free booknotes online

Help / FAQ




<- Previous Page | First Page | Next Page ->
Free Study Guide-The Iliad by Homer-Free Online Book Notes Summary
Table of Contents | Message Board | Printable Version | Barron's Booknotes

SHORT PLOT SUMMARY (Synopsis)

In the tenth year of the war between the Greeks and the Trojans, Chryses, a priest of Apollo, comes to the Greek camp to ask for the return of his daughter Chryseis. She had been captured during a raid and given as a prize to Agamemnon. When Agamemnon refuses to return the girl, Chryses begs Apollo to punish the Greeks. The result is that a plague is sent upon them. A few days later, Achilles, the greatest of the Greek warriors, calls an assembly of the Greek forces to discuss how they can bring the plague to an end. The prophet Calchas explains why Apollo is angry with the Greeks and proposes that Agamemnon give up Chryseis. Agamemnon agrees to let the girl if Briseis, the prize of Achilles, is given to him. Achilles protests the loss of Briseis, but Agamemnon sends his men to take her away. Achilles is furious at this insult inflicted on him by Agamemnon and refuses to take any further part in the fighting. He also asks his mother, Thetis, to persuade Zeus to humble Agamemnon and the Greeks. Since Zeus favors Thetis, he agrees to honor her request.

On the next day, Agamemnon marshals the Greek forces, excluding Achilles and his men, and attacks the Trojans. The Greeks succeed in their efforts due to the brilliant fighting of Diomedes. On the second day of battle, the gods, following Zeus' orders, begin to help the Trojans, and the Greeks are driven back by the Trojans. At the end of the day, the Trojans do not even return to Troy for protection; instead, they are so confident of their abilities that they camp on the plain, ready for an onslaught on the Greek camp the next day.

Worrying about the Greek losses of the day, Agamemnon realizes how greatly his army depends upon the prowess of Achilles. As a result, he sends an embassy to the Greek hero to admit that he was wrong and offering to restore Briseis and give Achilles many other gifts if he would rejoin the fighting. The proud Achilles refuses the offer.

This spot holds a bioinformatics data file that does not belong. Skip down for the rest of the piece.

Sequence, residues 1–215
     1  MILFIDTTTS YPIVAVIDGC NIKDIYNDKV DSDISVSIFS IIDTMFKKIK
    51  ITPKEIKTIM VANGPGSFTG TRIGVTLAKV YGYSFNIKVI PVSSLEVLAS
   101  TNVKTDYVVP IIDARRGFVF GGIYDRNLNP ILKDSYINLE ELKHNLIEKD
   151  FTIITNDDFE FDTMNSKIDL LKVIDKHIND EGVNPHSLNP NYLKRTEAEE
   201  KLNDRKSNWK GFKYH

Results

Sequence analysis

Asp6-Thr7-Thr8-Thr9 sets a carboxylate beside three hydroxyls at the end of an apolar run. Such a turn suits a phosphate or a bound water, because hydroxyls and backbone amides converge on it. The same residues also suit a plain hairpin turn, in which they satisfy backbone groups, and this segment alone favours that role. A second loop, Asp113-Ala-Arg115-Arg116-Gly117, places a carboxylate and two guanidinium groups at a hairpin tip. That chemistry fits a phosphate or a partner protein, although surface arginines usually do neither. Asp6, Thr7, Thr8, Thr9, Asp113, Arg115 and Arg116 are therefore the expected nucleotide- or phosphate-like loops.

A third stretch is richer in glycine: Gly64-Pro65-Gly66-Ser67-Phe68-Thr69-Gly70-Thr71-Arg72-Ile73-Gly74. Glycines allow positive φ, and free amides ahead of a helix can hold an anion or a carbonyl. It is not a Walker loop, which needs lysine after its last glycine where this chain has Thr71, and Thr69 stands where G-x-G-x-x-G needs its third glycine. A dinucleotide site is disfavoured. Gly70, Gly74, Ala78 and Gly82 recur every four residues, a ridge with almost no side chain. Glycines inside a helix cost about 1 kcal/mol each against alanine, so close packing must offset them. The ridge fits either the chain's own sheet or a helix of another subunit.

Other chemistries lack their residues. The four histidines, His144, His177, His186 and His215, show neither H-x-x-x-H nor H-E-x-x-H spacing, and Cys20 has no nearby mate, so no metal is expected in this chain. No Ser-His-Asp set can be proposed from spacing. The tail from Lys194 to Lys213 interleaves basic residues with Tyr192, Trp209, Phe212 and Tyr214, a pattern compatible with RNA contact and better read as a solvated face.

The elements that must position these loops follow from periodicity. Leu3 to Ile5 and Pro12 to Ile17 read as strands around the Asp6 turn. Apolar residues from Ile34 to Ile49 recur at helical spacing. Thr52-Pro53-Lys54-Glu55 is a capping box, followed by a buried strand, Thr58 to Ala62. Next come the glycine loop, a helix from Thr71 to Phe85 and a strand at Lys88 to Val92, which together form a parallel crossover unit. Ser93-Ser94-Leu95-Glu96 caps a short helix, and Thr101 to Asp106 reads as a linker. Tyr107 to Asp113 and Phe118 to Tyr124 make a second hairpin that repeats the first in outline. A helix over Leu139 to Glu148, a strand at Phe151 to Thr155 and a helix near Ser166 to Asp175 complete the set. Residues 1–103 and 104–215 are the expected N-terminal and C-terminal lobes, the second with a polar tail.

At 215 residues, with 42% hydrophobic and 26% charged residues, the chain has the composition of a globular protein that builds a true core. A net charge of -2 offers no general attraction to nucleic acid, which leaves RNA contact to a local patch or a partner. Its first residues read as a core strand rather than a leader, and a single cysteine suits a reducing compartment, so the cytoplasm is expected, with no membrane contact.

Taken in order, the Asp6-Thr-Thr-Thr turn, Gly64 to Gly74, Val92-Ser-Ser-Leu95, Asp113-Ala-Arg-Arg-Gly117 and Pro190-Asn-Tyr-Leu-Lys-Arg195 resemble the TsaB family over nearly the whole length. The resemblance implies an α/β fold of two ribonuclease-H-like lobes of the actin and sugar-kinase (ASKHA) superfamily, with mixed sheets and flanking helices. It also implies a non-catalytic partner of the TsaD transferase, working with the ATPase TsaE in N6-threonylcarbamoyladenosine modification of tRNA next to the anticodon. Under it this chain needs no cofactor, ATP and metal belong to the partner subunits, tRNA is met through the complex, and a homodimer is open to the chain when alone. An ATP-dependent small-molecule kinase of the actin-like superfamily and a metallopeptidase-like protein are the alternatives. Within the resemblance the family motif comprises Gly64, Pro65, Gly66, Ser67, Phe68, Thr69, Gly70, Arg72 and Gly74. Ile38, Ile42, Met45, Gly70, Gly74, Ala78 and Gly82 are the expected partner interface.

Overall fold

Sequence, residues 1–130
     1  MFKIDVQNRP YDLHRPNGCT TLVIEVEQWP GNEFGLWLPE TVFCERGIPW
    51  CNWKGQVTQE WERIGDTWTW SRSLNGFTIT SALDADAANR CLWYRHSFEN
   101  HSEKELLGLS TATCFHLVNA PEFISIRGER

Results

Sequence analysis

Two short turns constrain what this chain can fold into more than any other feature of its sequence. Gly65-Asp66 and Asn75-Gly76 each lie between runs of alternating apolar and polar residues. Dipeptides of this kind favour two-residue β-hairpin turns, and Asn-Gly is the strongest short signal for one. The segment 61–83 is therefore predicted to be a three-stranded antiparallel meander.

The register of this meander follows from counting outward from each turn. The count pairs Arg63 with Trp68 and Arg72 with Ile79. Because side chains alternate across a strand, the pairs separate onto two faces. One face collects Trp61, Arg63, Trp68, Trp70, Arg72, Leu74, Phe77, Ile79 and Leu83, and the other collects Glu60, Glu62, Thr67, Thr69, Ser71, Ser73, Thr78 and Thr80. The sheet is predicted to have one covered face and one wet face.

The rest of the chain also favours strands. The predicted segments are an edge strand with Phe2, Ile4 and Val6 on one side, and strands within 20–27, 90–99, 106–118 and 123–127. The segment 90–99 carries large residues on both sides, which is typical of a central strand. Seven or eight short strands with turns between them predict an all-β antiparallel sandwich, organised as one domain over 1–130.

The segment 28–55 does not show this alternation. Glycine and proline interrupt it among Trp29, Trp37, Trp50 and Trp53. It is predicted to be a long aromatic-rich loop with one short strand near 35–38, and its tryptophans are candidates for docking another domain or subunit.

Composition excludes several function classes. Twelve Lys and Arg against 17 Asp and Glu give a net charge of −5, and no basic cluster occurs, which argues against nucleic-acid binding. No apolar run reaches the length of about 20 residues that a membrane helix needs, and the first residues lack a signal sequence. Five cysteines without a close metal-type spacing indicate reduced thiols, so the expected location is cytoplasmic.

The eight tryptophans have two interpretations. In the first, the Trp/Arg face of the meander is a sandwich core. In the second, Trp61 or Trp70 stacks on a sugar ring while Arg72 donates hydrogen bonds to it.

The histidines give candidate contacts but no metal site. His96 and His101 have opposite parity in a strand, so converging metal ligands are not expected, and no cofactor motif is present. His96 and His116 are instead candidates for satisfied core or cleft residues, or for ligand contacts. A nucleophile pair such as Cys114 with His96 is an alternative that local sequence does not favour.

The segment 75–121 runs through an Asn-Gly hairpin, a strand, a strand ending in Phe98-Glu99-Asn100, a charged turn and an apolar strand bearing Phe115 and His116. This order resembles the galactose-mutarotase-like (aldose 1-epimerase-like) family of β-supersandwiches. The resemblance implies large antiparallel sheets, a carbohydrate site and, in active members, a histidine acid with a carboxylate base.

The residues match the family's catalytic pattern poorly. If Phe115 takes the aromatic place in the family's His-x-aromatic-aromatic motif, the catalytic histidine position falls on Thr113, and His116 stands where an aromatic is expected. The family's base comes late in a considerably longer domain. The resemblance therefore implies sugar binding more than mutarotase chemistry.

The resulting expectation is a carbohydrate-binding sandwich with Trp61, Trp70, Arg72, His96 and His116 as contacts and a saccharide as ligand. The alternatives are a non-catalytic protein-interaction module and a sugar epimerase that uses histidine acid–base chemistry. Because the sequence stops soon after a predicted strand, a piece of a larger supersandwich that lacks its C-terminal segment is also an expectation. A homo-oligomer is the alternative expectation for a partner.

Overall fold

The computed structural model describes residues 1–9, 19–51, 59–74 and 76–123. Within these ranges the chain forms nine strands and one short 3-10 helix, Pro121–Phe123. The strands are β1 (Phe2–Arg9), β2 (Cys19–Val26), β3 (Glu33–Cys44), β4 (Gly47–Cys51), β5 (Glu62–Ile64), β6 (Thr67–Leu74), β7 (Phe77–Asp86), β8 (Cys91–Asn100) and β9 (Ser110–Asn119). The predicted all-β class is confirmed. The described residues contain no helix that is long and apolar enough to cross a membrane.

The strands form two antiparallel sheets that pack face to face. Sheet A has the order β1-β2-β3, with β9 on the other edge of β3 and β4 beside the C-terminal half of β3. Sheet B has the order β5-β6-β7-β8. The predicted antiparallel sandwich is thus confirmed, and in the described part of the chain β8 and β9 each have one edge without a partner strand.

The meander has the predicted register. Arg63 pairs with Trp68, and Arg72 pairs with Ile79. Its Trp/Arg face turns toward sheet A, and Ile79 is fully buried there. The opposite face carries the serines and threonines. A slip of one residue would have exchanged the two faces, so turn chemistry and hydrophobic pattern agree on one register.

To restore the morale of the Greek forces, Odysseus and Diomedes make a successful night attack upon the camp of one of the Trojan allies; but when the fighting begins on the third day, the Trojans, with the help of the gods, again drive the Greeks into retreat. All the great Greek heroes, except Aias, are wounded in the fighting and are forced to leave the battle. As a result, the Trojans succeed in breaking through the Greek wall and are at the point of setting fire to their ships. Worried about the eminent defeat of the Greeks, Patroclos approaches his friend Achilles and begs him to return to the fight. Achilles agrees to let his men help in the battle and lends Patroclos his own armor for the fight.


The reappearance of Achilles' forces temporarily turns the tide of the battle in favor of the Greeks, and they are able to force the Trojans back. Hector, however, is successful in killing Patroclos and stripping the armor of Achilles from his body. Suffering over the loss of Patroclos and the armor, the Greeks are easily pushed by the Trojans into full retreat once again. Achilles, learning of the events of the day, has had enough. The death of Patroclos motivates him to rejoin the fighting. When he returns to the Greek camp and shouts his battle cry, the Trojans tremble in fear and retreat. Zeus also makes the decision to let the gods help on both sides of the fighting.

Achilles' anger against Agamemnon is turned into a desire for revenge against Hector, who is responsible for the death of his friend. To help her son in his cause, Thetis has a new suit of armor made for Achilles by the divine blacksmith, Hephaistos. Returning to the battlefield with his new armor, Achilles sweeps the Trojans from the plain and forces them to retreat inside the walls of their city. Achilles, however, faces Hector outside the walls of the citadel and kills him. In revenge, Achilles, still filled with wrath and hatred, attaches Hector's body to the back of his chariot and drags it in disrespect to the Greek camp.

The next day the body of Patroclos is cremated on a carefully constructed pyre. After the ceremony, Achilles celebrates the funeral by holding sporting games in honor of the deceased. Still filled with grief and vengeance about his friend's death, Achilles daily drags the body of Hector around the walls of Troy for twelve days. Finally, unable to withstand the disgrace to his son's body any longer, King Priam enters the Greek camp to talk to Achilles. The Greek hero, seeing the error of his excessive cruelty, weeps for Priam and for himself. After the tears, Achilles is a changed man. He returns Hector's body to the Trojans and calls a ten-day cease-fire so that Priam can give his son a proper burial. At the end of the poem, there is no decisive victory, but the reader is led to believe that the Greeks, under the guidance of the changed Achilles, will eventually emerge victorious over the Trojans.

Table of Contents | Message Board | Printable Version | Barron's Booknotes


<- Previous Page | First Page | Next Page ->
Free Study Guide-The Iliad by Homer-Free Online Plot/Chapter Synopsis
Google
Web
PinkMonkey

Google
  Web PinkMonkey.com   

All Contents Copyright PinkMonkey.com
All rights reserved. Further Distribution Is Strictly Prohibited.


About Us
 | Advertising | Contact Us | Privacy Policy | Home Page
This page was last updated: 5/9/2017 8:52:57 AM